This feature originally appeared on BestClassicBands.
As 1972 came to a close, guitarist Eric Clapton had been musically inactive for nearly two years. He enjoyed a burst of activity in 1969, a period in which he played live and in the studio with Blind Faith, John Lennon (documented on Live Peace in Toronto 1969) and Delaney & Bonnie and Friends (showcased on the duo’s On Tour with Eric Clapton). Near the end of that year, he took part in a one-off celebrity concert in London with Lennon, George Harrison and others to benefit UNICEF.
in 1970 Clapton played on sessions including Harrison’s All Things Must Pass triple-album. He continued his creative and productive streak with the the landmark Layla and Other Assorted Love Songs, crediting the release to Derek and the Dominos. That same year, the group – not including guest guitarist Duane Allman – toured and recorded a live album, In Concert; that double LP would eventually be released in 1973.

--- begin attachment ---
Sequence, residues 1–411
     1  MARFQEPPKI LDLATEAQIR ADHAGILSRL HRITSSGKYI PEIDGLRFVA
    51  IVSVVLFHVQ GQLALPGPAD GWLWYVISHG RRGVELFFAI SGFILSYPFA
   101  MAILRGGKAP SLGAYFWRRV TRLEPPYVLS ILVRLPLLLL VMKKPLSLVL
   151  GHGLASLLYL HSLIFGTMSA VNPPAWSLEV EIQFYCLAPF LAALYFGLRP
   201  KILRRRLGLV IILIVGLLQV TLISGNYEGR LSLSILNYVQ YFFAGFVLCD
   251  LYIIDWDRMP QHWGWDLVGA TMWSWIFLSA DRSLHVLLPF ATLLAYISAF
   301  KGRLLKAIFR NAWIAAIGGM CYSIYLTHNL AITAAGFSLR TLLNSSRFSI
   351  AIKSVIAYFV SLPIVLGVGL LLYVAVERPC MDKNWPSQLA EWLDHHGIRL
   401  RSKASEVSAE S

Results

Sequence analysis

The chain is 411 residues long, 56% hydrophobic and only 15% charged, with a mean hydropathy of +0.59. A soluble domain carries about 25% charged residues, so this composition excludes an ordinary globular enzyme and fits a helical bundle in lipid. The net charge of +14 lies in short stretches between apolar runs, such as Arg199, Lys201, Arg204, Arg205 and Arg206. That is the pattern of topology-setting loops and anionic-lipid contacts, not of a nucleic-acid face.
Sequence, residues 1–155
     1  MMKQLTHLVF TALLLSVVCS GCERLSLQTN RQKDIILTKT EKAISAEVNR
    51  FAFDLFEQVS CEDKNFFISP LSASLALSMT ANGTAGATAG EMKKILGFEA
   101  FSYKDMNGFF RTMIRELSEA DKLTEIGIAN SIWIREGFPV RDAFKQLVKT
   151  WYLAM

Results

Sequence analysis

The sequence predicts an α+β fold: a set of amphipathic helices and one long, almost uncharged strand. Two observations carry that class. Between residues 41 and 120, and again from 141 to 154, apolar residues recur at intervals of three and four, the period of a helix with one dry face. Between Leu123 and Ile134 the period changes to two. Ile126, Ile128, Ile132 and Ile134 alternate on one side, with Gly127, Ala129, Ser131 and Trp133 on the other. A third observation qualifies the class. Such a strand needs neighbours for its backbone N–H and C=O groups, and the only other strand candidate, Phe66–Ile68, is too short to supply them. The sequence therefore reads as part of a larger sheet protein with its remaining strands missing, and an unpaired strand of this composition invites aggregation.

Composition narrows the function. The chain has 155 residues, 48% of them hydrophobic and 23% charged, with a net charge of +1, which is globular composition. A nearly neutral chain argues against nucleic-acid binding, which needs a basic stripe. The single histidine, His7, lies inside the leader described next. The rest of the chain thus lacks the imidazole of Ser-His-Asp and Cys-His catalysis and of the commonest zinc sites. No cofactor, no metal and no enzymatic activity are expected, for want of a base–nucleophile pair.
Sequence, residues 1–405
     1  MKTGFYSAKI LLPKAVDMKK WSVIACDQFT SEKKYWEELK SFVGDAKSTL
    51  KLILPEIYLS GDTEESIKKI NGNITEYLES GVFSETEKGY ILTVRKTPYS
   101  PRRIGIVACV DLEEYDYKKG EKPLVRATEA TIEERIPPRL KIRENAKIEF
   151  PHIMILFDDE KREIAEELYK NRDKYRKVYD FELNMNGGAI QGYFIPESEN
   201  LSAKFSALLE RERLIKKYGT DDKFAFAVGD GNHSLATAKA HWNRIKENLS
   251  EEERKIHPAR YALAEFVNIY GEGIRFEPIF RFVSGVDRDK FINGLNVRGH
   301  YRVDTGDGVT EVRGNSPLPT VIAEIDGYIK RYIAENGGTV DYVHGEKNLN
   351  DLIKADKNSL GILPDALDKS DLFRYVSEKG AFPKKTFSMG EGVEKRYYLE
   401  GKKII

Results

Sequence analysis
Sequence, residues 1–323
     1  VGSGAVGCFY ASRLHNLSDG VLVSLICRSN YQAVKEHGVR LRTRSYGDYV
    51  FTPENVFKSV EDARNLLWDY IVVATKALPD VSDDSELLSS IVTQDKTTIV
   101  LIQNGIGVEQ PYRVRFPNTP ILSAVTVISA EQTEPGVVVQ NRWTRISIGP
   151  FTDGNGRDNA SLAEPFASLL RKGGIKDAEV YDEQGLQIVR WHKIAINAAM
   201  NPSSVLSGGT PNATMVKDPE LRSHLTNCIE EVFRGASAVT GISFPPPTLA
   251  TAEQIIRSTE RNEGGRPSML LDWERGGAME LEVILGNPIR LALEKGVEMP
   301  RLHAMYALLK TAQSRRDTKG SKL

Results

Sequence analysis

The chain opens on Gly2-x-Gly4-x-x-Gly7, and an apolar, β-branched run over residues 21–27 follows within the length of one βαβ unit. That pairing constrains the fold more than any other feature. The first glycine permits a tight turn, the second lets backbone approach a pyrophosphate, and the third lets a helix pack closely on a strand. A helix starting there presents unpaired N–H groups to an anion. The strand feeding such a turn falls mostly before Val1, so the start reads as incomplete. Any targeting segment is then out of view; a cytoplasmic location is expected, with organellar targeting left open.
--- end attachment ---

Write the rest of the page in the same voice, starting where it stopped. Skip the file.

Clapton did surface briefly in the summer of 1971 in New York City to appear as a backing musician for George Harrison’s all-star benefit Concert for Bangladesh. But other than that admittedly high-profile project, Clapton was absent from the music scene for the better part of 1971 and 1972.
The primary reason for Clapton’s disappearance was his descent into the throes of heroin addiction. His condition was partly the result of (or exacerbated by) his unrequited love for Pattie Boyd Harrison, wife of his friend George.
Another friend, Who guitarist Pete Townshend, knew of Clapton’s plight and urged him to return to active musical duty. To that end, Townshend organized a pair of concerts – a matinee and an evening performance – to be held January 13, 1973 at London’s Rainbow Theatre.
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